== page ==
Every day for three or four hours, Tim soldiered through physical therapy, occupational therapy and pain. Therapists worked with him for hours until he was moving his feet on his own, then his ankles and his knees.
That was Week 1. Maybe I can do this, Tim thought.
Week 2: He was standing—for five seconds, then 10, with therapists supporting him. By week’s end, he was taking his first steps, holding tight to the parallel bars.
Week 3: He was walking the entire length of the parallel bars, with a therapist and a wheelchair behind him, just in case. He was climbing stairs, too, getting in and out of the car and shower, and putting on his socks by himself. By the end of the week, he had graduated from wheelchair to walker to cane to crutches.
Then came Week 4. Suddenly, during physical therapy, what felt like lightning bolts shot through Tim’s left foot and leg. He couldn’t walk.
Tim yelled. And swore. And cried. It felt like everything he had worked so hard for was gone. But at the end of that week, he did go home.
“I didn’t want to leave the place, because they had taken such good care of me.” Tim’s brother and a friend moved into his apartment to help, but they both had jobs. He tossed his pain medication, too. Working as a cop, he’d seen plenty of drug addicts.
Some days, he’d cry until he couldn’t cry anymore. He didn’t want to see or talk to anyone. What he wanted to do was die. When he started planning how, he knew he was in trouble and sat down with one of his MetroHealth doctors. “He listened—genuinely listened—to me that day, then he went into the hallway and found a group of people to help. They came up with a plan to give me my life back.”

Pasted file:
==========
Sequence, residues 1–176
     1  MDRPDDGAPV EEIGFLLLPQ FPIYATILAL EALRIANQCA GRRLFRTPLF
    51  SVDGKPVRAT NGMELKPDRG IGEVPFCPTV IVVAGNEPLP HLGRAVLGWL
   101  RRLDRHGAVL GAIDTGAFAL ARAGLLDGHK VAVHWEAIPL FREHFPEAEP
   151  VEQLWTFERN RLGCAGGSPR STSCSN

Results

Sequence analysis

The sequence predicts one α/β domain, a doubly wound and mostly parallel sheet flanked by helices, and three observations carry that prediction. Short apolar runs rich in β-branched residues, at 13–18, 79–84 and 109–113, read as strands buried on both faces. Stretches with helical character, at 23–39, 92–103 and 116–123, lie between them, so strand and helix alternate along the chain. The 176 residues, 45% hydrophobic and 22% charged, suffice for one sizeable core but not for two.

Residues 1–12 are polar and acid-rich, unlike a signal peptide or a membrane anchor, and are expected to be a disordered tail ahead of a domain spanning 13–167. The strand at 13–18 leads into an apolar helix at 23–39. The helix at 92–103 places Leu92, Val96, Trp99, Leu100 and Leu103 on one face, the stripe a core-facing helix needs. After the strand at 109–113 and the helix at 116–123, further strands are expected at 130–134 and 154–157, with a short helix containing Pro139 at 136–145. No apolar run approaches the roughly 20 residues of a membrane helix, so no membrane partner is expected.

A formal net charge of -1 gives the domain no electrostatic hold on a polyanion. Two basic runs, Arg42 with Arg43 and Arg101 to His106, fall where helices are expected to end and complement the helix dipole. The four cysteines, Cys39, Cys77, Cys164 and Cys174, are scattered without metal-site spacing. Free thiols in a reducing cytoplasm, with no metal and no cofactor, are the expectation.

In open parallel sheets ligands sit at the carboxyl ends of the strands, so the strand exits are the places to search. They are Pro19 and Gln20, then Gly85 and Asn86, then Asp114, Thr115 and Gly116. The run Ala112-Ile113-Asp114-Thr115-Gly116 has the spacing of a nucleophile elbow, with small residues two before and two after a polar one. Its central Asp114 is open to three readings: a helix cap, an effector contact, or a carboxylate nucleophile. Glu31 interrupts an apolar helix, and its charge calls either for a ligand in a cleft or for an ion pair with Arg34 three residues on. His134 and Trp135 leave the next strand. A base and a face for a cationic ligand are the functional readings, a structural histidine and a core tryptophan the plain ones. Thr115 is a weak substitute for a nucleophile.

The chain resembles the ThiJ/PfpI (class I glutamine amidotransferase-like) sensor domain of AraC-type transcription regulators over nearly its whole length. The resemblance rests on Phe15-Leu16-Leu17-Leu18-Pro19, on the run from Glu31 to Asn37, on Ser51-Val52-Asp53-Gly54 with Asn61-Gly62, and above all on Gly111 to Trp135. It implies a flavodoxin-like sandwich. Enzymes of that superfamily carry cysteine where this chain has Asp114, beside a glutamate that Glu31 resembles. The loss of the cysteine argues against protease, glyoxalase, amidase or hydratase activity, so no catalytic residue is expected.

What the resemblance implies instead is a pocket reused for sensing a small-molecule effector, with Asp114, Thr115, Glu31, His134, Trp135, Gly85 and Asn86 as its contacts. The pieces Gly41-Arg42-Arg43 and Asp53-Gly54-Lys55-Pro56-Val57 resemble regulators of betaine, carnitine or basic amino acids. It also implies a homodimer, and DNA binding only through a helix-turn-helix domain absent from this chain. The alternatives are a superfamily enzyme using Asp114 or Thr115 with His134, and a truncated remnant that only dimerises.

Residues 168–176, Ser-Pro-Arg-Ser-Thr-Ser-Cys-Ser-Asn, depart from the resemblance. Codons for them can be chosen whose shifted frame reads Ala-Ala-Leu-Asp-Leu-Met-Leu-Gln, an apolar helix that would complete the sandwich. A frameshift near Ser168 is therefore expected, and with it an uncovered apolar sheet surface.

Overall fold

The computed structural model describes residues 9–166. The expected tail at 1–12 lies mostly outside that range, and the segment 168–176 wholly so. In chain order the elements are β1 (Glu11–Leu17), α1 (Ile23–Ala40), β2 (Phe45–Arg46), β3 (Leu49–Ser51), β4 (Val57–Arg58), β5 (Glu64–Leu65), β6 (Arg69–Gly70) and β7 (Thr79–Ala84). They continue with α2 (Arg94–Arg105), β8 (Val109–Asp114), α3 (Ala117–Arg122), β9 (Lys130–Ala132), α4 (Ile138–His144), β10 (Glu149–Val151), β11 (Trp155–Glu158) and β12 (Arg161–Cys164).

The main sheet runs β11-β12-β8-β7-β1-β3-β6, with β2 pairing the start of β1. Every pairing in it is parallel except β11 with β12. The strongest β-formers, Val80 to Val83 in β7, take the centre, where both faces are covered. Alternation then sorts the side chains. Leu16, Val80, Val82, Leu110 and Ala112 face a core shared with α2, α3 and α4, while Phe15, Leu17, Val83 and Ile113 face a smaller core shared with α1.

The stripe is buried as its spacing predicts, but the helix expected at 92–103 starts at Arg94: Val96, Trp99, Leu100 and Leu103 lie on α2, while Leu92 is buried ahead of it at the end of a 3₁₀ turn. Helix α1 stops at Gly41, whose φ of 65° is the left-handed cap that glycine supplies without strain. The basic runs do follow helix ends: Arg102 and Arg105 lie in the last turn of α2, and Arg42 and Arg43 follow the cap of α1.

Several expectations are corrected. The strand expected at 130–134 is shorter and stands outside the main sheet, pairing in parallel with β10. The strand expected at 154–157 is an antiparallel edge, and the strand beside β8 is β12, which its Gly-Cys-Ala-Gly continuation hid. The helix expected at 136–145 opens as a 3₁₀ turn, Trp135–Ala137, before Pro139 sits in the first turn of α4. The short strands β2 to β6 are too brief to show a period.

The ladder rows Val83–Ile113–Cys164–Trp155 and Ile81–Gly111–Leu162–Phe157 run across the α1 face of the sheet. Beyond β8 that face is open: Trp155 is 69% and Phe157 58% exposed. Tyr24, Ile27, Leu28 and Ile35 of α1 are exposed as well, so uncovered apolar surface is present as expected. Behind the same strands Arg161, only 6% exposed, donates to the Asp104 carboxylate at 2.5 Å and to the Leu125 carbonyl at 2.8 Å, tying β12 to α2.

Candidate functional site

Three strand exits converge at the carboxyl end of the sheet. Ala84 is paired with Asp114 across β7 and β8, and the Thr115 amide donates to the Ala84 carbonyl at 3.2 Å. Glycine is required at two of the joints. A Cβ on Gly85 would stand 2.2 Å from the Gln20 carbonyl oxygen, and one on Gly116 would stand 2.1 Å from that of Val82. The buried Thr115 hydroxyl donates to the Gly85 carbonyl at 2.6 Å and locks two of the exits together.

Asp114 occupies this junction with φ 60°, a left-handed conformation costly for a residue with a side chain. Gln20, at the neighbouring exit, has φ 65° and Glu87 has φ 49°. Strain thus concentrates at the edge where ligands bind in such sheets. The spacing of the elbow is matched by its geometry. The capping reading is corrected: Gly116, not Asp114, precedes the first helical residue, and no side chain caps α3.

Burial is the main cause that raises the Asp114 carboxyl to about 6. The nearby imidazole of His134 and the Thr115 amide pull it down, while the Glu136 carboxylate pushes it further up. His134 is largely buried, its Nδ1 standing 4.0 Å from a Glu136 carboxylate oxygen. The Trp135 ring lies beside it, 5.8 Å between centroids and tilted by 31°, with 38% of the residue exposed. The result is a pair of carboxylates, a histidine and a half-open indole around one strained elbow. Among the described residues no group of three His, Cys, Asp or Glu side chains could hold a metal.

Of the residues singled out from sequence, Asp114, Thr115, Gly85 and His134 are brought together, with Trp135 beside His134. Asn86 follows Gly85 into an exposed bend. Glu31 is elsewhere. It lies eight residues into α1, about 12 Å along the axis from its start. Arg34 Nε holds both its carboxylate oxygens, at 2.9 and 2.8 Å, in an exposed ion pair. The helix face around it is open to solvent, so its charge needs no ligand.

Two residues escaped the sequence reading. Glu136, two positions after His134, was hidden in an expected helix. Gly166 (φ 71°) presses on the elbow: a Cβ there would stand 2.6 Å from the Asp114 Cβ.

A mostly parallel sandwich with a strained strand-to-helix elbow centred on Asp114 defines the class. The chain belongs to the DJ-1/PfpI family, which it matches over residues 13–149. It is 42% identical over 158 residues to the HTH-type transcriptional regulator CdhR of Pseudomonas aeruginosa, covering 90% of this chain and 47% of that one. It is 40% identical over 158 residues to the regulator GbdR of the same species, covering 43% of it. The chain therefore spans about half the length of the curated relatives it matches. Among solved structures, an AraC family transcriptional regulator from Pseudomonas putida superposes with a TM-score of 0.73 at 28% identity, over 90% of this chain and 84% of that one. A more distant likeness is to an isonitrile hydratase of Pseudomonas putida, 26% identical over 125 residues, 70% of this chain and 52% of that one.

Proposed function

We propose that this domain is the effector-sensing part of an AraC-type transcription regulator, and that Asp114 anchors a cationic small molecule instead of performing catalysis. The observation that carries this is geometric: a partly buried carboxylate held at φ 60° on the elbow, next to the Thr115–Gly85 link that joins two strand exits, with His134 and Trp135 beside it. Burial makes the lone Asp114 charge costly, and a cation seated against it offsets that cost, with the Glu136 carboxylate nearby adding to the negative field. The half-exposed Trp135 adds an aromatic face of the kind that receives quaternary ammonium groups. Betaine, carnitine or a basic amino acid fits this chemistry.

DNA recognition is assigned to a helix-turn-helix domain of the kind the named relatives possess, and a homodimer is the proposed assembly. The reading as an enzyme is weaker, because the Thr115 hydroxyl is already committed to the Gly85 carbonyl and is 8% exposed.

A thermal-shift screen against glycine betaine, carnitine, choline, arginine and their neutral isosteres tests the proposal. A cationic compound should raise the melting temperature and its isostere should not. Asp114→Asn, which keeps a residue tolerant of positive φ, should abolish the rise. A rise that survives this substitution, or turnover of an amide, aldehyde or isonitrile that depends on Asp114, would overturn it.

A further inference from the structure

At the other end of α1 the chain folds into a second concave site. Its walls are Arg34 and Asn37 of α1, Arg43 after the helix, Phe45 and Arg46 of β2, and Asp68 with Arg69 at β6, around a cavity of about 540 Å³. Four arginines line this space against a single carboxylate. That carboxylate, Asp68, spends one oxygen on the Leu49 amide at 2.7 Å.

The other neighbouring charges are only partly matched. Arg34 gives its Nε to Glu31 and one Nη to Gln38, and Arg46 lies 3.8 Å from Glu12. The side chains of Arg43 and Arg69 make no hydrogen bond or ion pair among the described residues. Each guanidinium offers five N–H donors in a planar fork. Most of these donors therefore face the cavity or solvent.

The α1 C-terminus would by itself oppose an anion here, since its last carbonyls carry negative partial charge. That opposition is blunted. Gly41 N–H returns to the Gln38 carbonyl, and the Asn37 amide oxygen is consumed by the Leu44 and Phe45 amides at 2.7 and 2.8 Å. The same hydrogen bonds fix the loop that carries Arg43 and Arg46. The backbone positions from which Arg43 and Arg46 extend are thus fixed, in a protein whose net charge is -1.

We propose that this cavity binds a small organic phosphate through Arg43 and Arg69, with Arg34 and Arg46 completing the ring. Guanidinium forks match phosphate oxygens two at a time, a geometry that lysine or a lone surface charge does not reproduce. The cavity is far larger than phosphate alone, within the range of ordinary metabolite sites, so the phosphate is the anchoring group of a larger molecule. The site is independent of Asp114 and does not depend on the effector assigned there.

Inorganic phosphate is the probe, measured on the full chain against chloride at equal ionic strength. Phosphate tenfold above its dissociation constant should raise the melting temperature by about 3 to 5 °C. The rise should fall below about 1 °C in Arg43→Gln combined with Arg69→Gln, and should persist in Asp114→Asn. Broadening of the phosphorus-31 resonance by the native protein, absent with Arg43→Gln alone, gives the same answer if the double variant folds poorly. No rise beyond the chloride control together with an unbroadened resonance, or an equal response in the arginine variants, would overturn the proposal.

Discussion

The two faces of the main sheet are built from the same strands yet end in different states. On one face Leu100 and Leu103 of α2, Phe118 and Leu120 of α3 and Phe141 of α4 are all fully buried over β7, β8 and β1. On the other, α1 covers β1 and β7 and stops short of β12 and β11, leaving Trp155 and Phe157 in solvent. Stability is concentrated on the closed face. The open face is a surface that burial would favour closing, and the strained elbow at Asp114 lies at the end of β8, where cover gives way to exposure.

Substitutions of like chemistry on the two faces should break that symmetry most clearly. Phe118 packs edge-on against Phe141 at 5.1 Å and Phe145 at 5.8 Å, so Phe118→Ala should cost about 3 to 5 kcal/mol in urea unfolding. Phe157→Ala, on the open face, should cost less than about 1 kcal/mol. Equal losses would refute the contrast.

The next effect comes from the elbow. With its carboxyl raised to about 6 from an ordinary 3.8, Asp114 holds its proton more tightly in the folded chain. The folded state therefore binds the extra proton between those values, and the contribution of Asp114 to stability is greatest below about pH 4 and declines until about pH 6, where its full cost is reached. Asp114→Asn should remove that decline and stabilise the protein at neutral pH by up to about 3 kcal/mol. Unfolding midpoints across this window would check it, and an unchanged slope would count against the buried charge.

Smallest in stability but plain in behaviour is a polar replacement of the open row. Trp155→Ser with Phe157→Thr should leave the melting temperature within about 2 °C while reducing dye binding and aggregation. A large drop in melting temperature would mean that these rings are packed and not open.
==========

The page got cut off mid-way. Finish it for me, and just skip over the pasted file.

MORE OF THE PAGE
Back on the right medication and in regular sessions with a rehab psychologist, Dr. Kip Smith, Tim’s depression began to lift. Seven months after his surgery, he was back at work on light duty. Three months later, he thought maybe he could backpack again. So, in August 2017, Tim flew to Europe and walked the northern route of the Camino de Santiago with a friend. After 40 days of hiking, Tim’s nerve pain began to lift. His head was healing, too.
Fifty-three days after he took the first step, with 650 miles behind him, Tim returned to desk work at the Cleveland Police Department. He got back to paddle boarding, camping and beekeeping, too.
On Nov. 4, 2019, buoyed by his closest skydiving friends, Tim made his first solo jump since the day he nearly died. “It was the last thing that I felt like I wanted—and needed—to do,” he says. “When I jumped from that airplane on my own,” he says, “I felt complete.”
Tim has fought his way back, every step of the way. Today’s life looks different than he had imagined at one point, but it’s good. He’s happy. Today, he lives in Middleburg Heights. He and his girlfriend Brittany recently celebrated their one-year anniversary.
Still working at the Cleveland Police Department, Tim is part of a Countywide Peer Support Program that helps any first responder in Cuyahoga’s more than 50 communities overcome the death of a co-worker or family member, a divorce—any kind of physical, emotional or mental trauma.
“This is what gives me joy: talking to people who are going through the worst periods of their lives,” Tim says, “trying to provide a bit of hope when they might be lacking hope. Like I was.”